How to Build Teams that Row Together

I asked top leaders, “What three problems hinder great teamwork?” Many responses centered on alignment.

  1. Not understanding the team’s mission.
  2. Lack of a clear mission.
  3. Lack of clarity about roles and expectations.
  4. Misalignment on mission or purpose.
  5. Lack of clarity.

I asked the same leaders, “What three things do great teams habitually do?” Many responses centered on the broad topic of alignment.

  1. Row in unison.
  2. Have clear measurable goals.
  3. Reemphasize objectives/clarify goals.
  4. Stay on mission.
  5. Constantly reinforce the team’s mission.

Shared pain motivates people to row together:

A hole in the boat brings people together.

People row together when solving the problem is useful to everyone in the boat. Connect self-interest and organizational-interest if you want people to row together.

What’s in it for ME connects with what’s in it for US on teams that row together.

Compelling mission is the answer to a painful problem.

Discussion topics:

  1. What problem are we solving?
  2. What pain-point are we answering in the world?
  3. How will we fill the gap between what should be and what is?
  4. How does our solution make the world better?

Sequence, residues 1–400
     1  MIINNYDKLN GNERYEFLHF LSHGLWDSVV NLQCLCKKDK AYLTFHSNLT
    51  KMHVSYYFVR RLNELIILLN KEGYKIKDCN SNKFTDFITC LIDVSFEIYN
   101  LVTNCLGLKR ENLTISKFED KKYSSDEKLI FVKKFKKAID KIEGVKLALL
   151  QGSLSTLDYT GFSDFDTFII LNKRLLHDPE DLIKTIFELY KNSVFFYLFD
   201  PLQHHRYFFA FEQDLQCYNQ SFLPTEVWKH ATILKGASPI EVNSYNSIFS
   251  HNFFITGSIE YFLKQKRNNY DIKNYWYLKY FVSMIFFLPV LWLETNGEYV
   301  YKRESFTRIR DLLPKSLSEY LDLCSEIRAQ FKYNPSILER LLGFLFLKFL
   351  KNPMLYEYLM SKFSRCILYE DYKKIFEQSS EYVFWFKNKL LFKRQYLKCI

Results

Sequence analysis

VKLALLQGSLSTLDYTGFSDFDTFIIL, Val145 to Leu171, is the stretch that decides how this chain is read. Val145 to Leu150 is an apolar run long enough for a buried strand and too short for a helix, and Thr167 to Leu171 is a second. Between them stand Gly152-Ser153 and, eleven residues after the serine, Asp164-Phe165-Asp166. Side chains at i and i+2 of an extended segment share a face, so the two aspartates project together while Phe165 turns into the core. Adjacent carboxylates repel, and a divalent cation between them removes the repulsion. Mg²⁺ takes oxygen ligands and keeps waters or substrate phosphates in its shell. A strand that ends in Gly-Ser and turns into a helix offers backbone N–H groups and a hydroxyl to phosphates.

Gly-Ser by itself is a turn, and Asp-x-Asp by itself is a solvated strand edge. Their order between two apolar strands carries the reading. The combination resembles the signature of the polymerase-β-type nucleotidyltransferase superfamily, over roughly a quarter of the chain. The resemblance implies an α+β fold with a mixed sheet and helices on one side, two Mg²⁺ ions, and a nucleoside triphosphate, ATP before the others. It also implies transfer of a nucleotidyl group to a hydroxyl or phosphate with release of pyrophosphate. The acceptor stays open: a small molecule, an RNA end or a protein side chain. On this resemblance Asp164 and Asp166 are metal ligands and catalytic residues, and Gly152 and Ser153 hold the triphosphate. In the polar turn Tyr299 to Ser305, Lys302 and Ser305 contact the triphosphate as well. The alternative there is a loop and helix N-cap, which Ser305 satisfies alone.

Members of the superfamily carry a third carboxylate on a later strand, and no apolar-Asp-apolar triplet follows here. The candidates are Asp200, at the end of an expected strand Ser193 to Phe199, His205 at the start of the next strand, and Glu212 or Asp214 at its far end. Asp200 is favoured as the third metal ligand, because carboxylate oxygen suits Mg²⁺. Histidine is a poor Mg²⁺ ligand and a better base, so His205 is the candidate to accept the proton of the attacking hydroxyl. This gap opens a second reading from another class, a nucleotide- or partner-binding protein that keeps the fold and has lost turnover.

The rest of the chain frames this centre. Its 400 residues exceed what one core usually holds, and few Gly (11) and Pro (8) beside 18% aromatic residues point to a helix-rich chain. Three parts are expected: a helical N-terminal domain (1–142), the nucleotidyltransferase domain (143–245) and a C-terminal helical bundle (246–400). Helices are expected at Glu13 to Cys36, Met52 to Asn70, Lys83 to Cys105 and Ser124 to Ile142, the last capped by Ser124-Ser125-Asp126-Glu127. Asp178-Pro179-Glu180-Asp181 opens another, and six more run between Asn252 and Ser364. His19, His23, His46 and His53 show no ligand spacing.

People row together when the hole in the boat matters to them.

If you can achieve your goal alone, team work is a frustrating inconvenience.

Find the right hole:

The hole is out there.

Great teams go beyond fixing the hole in their own boat. Great teams fix the hole in someone else’s boat.

A team that’s focused on it’s own pain can’t bring value to the world. Work on teamwork so your team can bring value to people who aren’t on the team.

Tips for building teams that row together:

  1. Get in one boat.
  2. Clarify the destination. (Mission/goal)
  3. Row in the same direction.
  4. Respect the rower beside you. No one rows with vitality when they feel disrespected.

What prevents teams from rowing together?

How might leaders build teams that row together?

Bonus material:

Team effectiveness discussion guide. (reWork)

Conquering team dysfunction. (Table Group)